Darling Jones’ “Sweetlips” Turned the Tide of the American Revolution
(Note: The subject of this article is controversal and will likely be rewritten to address some response that came in after it appeared in the Johnson City Press. Some people maintain that it is accurate as written, while others believe it was Robert Young who owned Sweetlips and brought down the British leader Patrick Ferguson at the Revolutionary War Battle of King's Mountain. Check back later for updates and comments. If you have information on this subject and would like to post a blog at the end of the article, e-mail me at firstname.lastname@example.org.)
The bold headline from an unidentified and undated newspaper article reads, “Famous Old Gun Found, Used at Kings Mountain.” The date is likely from the early 1900s.
In early October 1780, a spirited congregation of patriots, known as the Overmountain Men, originating from Sycamore Shoals in Elizabethton, Tennessee joined forces with similar groups of frontiersmen from nearby Tennessee and North Carolina. Their mission was to travel to Kings Mountain, SC (near the North Carolina border) to do battle with the British under the leadership of their commander, Major Patrick Ferguson.
General Wilder and a Map Showing the Overmountain Men's Route
Although three or four bold mountaineers were called upon on October 7 to bring down the British officer who was observed coming down the hill, Darling Jones was credited with firing the fatal shot that ended the leader’s life. He accomplished the feat using a long, flintlock rifle that he christened “Sweetlips.”
The article made a profound statement: “When “Sweetlip’s metallic lips so spoke on that day of patriotic struggle, its voice was heard throughout the entire British armies and turned the tide of the revolution.”
Over time, interested parties began to wonder what happened to the now famed rifle, but its whereabouts were unknown. Eugene F. Ware, Commissioner of Pensions in the nation’s capital, turned to someone whom he believed could locate it. He contacted John T. Wilder (1830-1917), a noted industrialist, who served as a Civil War Union officer and became a chief developer of natural resources in Tennessee.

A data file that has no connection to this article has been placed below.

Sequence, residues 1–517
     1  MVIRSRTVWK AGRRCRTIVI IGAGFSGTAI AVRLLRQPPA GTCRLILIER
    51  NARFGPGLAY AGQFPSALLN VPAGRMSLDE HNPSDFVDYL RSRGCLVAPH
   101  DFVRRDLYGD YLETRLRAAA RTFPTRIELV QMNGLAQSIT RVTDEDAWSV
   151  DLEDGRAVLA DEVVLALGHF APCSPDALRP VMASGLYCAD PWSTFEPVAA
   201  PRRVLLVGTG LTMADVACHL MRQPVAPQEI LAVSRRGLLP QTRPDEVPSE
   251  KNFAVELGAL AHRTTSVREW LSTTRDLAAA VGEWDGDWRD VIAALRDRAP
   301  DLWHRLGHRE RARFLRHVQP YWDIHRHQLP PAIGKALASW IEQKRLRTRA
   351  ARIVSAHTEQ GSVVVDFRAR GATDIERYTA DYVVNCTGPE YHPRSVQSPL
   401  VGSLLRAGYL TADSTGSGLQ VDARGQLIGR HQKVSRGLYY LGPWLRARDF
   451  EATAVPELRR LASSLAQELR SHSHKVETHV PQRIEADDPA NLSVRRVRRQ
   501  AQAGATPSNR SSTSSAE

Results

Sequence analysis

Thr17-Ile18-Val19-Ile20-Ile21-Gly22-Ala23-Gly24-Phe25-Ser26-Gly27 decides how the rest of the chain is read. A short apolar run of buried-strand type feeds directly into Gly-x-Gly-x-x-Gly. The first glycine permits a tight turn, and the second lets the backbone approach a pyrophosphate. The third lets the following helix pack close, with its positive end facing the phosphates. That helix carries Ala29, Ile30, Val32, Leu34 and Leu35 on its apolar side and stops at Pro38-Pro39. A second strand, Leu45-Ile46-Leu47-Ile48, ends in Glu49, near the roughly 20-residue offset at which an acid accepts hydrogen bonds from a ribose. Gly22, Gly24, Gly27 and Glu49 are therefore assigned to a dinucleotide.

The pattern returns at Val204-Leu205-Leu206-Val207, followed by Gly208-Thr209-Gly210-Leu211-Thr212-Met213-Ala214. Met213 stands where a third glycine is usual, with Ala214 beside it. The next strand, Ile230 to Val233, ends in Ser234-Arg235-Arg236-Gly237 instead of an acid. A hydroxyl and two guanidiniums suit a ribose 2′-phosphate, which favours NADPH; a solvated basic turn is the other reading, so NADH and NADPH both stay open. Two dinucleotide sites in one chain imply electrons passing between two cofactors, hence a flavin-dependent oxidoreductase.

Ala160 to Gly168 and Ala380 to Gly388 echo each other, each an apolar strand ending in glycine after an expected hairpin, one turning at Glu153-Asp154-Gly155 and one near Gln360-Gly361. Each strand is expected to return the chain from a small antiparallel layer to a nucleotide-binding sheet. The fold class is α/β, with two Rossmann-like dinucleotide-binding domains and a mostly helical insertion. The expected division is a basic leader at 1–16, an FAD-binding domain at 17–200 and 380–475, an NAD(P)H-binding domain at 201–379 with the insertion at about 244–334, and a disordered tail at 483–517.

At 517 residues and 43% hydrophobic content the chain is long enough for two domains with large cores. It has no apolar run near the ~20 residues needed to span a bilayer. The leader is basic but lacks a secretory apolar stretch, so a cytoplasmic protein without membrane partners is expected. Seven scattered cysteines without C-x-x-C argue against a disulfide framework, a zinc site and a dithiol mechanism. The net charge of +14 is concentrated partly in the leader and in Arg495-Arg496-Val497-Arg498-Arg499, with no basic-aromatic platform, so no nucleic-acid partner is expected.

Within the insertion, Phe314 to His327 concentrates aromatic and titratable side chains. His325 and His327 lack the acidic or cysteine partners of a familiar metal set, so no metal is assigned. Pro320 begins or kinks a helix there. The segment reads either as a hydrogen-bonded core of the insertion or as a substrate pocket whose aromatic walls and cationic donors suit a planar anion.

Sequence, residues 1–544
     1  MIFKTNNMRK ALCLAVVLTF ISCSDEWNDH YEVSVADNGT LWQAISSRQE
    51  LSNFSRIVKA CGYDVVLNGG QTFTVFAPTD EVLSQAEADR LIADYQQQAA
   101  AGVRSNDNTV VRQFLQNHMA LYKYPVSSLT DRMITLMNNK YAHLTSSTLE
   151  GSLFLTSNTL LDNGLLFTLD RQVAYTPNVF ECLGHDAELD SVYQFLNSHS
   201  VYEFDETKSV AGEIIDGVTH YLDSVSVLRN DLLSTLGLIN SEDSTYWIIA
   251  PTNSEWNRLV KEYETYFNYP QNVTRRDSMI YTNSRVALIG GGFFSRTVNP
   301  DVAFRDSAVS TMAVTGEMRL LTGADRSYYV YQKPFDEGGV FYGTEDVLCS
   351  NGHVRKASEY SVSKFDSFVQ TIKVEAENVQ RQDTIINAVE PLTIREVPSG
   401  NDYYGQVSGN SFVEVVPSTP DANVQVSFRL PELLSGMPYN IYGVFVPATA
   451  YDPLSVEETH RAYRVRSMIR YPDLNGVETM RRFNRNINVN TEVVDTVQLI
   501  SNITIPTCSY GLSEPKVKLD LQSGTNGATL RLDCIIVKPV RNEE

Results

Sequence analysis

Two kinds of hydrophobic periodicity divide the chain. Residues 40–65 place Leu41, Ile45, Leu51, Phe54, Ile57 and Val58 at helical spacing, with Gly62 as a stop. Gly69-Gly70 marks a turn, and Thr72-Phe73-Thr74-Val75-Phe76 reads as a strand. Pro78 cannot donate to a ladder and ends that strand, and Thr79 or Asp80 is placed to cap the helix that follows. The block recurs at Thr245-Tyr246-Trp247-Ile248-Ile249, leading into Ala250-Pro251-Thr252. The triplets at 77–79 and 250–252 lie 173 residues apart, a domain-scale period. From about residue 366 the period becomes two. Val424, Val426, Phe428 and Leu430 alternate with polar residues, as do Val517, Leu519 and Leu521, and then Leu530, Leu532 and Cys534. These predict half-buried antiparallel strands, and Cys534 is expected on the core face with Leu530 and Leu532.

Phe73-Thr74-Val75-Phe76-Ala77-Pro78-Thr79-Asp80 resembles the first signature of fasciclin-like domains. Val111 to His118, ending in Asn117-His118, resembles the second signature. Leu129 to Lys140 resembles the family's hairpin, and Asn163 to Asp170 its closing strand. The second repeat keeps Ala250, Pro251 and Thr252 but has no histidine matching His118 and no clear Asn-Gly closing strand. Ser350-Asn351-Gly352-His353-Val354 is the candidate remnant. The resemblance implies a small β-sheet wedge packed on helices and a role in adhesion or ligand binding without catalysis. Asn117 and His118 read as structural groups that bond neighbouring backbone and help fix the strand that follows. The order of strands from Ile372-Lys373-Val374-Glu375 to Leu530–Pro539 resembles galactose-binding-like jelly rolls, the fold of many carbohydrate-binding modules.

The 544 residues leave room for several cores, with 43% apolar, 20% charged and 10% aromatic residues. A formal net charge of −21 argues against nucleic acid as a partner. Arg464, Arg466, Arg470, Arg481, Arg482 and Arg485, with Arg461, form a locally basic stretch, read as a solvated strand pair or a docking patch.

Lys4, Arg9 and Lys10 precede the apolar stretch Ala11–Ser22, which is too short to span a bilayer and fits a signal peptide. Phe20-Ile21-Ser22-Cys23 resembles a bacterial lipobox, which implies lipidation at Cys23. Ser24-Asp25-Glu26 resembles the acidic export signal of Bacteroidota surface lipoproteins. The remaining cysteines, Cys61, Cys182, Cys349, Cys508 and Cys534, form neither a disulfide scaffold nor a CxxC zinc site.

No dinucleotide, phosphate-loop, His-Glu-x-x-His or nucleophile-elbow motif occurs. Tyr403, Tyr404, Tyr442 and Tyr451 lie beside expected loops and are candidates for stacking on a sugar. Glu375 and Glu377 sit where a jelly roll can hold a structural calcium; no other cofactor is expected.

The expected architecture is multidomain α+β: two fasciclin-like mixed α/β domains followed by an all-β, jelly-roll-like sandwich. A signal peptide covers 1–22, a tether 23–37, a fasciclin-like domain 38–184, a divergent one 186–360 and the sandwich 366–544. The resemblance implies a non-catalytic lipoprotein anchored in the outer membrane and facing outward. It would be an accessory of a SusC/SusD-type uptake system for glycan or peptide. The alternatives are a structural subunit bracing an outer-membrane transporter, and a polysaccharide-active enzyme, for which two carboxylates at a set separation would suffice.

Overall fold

Wilder further promoted the construction of the Charleston, Cincinnati & Chicago (3Cs) Railroad and became a driving force in the development of the booming industrial suburb of Carnegie along the east side of Johnson City. The magnate next constructed the popular 166-room Cloudland Hotel near the summit of Roan Mountain to serve tourists via the scenic narrow gauge “Tweetsie” railway line. In 1887, the tycoon organized the Roan Iron Works and built and operated two blast furnaces at Rockwood, Tennessee.
Gen. Wilder believed that the gun likely resided in Washington County since Darling Jones was from that location. Some years prior, he tried to learn its whereabouts from Jones’s widow, Nancy, but neither she nor her son knew had knowledge of it. She died in 1902.
Wilder, in an effort to locate the well-authenticated gun for Mr. Ware, journeyed to Johnson City about 1905, visiting a city that he was very familiar with because he previously resided there from 1884 until 1992.
Wilder entered the establishment of Summers, Barton and Parrott’s hardware store in the downtown district. Seeing some firearms for sale prompted him to ask if anyone knew the whereabouts of Darling Jones’ gun. Frank Mountcastle, a prominent farmer and merchant who lived near Johnson City was in the store and heard Wilder. He spoke up and said that he owned the prized gun and began to relate its history. Wilder, excited over the news, offered him the best gun in the store in exchange for the old relic. Mr. Mountcastle accepted his proposal and agreed to ship the gun directly to the commissioner’s home in Washington.
The gun was described as being an old, long-barreled, flintlock rifle used by the pioneers for killing game. The stock was broken but the lock and barrel were in good condition. The firearm was fabricated by a man named Deckard of Pennsylvania and was given by Darling Jones to his son-in-law, James Dunkin. The name “Dunkin” was cut in the barrel and helped to establish its identity.
Dunkin was foreman on the farm of Mr. Montcastle’s grandfather for years and died in that capacity, leaving the gun as a relic to the Mountcastle family. It remained in the attic of the old home place for many years. Only Mr. Frank Mountcastle knew its presence.